this is why:

The early 1970’s crisis erupted, as mentioned, at the end of a period of rising working-class insurgency. Underneath all appearances, this crisis expressed the superannuation of value as a form through which society could reproduce itself. In the proletarian eruption in Europe and the U.S. from the mid-1960’s (wildcat movement in the U.S. and the U.K.) to the mid-1970’s (Italy, Portugal, Spain) by way of May 1968 in France, the working class (as well as other social strata) were groping toward the “full development of activity itself” made possible and necessary by the previous development of capitalism. The capitalists, on the other hand, needed to oversee a general devalorization of capital and of labor power such that a new expansion could begin on a profitable basis. In contrast to the first phase of capitalist history (1815-1914) this could not occur through a rapid deflation, depression and recovery. Global society was TOO productive for the value form, and hence not merely capitalist paper but actual productive forces, and above all labor power, had to be destroyed and rolled back, as had occurred in the 1914-1945 transition from British-centered to America-centered world accumulation. The emergence of the “neo-liberal” phase of capitalism in the late 1970’s was the attempt to protect the capitalist titles to profit, interest and ground rent from excessive devalorization through the global “Ponzi scheme” described previously, and at the same time to oversee a “slow-motion crash landing” in the grinding down of working-class living standards globally.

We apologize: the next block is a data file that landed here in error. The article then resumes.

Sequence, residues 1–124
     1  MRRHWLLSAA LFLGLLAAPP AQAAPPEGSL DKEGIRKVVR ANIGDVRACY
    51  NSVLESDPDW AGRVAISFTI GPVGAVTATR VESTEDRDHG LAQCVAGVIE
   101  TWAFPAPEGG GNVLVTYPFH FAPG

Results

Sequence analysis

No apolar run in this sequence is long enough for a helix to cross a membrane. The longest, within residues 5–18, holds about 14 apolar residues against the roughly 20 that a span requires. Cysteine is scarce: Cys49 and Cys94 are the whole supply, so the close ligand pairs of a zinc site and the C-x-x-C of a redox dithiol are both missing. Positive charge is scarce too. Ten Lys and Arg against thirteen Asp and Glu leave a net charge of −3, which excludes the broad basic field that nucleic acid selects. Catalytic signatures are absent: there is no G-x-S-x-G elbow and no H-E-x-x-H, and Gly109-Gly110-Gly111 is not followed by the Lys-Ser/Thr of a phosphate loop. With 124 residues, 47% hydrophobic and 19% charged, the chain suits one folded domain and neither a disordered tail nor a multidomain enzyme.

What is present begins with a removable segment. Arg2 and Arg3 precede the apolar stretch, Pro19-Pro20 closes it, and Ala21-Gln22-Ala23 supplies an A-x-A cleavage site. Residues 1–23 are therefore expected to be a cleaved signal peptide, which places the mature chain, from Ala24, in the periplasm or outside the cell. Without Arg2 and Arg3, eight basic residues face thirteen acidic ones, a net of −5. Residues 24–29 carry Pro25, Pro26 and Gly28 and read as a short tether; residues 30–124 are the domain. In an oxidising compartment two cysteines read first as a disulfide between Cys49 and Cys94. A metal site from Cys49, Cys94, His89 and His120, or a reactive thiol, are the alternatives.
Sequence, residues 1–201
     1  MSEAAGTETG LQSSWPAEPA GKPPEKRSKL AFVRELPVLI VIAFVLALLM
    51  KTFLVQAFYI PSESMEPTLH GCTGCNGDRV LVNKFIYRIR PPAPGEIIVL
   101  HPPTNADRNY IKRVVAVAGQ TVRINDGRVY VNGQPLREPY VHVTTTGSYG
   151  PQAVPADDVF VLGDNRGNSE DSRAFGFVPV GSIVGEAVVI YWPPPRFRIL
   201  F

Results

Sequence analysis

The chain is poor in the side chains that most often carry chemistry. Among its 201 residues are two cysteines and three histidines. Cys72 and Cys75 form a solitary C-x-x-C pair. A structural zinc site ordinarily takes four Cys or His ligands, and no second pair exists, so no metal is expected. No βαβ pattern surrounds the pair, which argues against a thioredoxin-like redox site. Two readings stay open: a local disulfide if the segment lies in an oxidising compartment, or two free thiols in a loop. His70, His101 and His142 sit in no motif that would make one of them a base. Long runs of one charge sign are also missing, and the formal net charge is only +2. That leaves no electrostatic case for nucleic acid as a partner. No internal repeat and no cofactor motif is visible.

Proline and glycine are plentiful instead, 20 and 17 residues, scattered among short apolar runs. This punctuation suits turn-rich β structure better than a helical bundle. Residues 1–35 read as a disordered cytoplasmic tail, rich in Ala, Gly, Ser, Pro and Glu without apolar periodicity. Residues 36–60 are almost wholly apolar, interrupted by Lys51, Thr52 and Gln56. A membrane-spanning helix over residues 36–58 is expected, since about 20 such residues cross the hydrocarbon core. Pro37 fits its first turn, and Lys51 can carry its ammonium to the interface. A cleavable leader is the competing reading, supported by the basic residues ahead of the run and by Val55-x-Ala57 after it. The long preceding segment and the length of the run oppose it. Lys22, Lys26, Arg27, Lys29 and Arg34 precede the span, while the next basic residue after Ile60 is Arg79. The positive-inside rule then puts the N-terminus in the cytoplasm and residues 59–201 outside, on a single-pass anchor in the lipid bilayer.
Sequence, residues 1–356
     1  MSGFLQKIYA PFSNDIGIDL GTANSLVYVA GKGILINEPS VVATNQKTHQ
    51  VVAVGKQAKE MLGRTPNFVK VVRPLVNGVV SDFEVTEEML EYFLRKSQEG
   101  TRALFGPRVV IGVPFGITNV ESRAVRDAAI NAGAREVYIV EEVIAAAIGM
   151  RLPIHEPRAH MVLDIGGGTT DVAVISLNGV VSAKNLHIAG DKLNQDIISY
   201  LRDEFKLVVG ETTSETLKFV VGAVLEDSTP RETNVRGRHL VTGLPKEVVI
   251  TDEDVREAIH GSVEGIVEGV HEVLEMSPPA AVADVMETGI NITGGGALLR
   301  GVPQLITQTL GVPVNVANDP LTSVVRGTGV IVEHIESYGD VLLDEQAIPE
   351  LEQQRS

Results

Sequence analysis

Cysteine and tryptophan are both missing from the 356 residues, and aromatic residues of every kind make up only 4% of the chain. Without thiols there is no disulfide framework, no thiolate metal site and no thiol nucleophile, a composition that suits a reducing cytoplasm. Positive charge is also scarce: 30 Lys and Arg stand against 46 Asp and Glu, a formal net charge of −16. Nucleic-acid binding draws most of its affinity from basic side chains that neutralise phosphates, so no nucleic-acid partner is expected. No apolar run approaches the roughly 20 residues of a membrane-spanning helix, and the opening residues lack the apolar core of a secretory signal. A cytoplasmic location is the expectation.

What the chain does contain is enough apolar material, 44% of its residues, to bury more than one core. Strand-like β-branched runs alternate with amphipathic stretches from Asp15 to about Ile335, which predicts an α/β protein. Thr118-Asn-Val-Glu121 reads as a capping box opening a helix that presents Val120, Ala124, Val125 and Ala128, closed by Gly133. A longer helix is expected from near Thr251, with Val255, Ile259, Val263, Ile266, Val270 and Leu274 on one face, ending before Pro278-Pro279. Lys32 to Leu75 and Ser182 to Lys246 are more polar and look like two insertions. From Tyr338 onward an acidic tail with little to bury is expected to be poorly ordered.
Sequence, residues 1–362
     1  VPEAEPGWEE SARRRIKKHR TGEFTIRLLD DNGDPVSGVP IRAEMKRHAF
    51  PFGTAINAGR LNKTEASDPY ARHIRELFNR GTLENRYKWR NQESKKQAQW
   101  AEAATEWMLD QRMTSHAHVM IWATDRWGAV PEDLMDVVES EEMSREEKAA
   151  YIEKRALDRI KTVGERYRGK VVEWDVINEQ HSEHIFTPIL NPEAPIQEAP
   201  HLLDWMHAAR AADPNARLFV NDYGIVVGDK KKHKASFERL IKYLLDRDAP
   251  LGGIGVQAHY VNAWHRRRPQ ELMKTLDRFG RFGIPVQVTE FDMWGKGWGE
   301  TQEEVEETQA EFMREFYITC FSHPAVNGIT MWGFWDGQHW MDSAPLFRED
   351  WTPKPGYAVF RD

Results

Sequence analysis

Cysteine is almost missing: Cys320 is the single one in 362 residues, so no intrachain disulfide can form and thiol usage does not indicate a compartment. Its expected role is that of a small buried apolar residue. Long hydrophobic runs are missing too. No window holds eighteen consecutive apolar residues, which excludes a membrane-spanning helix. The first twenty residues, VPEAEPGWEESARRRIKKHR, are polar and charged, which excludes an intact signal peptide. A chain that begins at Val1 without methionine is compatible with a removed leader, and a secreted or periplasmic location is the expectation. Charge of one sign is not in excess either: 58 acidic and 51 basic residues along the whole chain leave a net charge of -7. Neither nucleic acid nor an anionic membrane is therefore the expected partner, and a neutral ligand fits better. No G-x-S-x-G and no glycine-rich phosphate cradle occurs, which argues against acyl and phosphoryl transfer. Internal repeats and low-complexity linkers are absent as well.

i don’t think this necessarily limits ecological devastation to the era of neoliberalism, but it offers important insights into the current crisis, and into the particularities behind what went down in Copenhagen such as the financial scheme of cap-and-trade, and the role of China, the biggest holder of US debt.

it also points to the fact that, if capital absolutely needs to loot the environment, there are almost no possibilities for reform under the current political and economic constellation of capital.  it’s a question of what is possible, and what is not.  this lends toward the position that the Green New Deal, or any form of ‘green’ capitalism is out of the realm of possibility.  what Copenhagen demonstrated is that under the current system of capitalist exploitation and accumulation, the environment is not a barrier.  on the contrary, it’s a ‘free input,’ an easy way to accrue profits and stave off collapse.

with this in mind, not only will green capitalism continue to destroy the natural world, but it’s a fantasy of the pathetic state of social democracy in the world today who imagine that they are stronger than they actually are.  we see this in the way some groups in the US delude themselves into thinking they can push Obama to the left.

the same is true for a number of Left parties in Europe, who, after vowing never to work with neoliberal parties, have done just that.  in Greece, the Socialist Party came to power after massive strikes and street demonstrations brought down the conservative, neoliberal government, but the economic limitations and demands of neoliberalism — in addition to the fact that the Socialist Party represents only the left wing of capital — have forced the Socialist Party to implement a new round of neoliberal austerity measures and structural adjustment programs.

i’m only beginning to see the implications of this for the anti-capitalist green left.  arguments for a green capitalism will have to be collapsed and debunked, no doubt.  but i’m not sure if it’s the debate we should be concerning ourselves with today.  making this debate a centerpiece of our strategy, for the moment, is only responding to the politics of delusion.  certainly, in our organizing we’ll need to be able to respond to folks who are still thinking through the issue and might be considering the possibilities of a green capitalism.

but i guess it still leaves open the questions:  what’s the program?  what’s the strategy?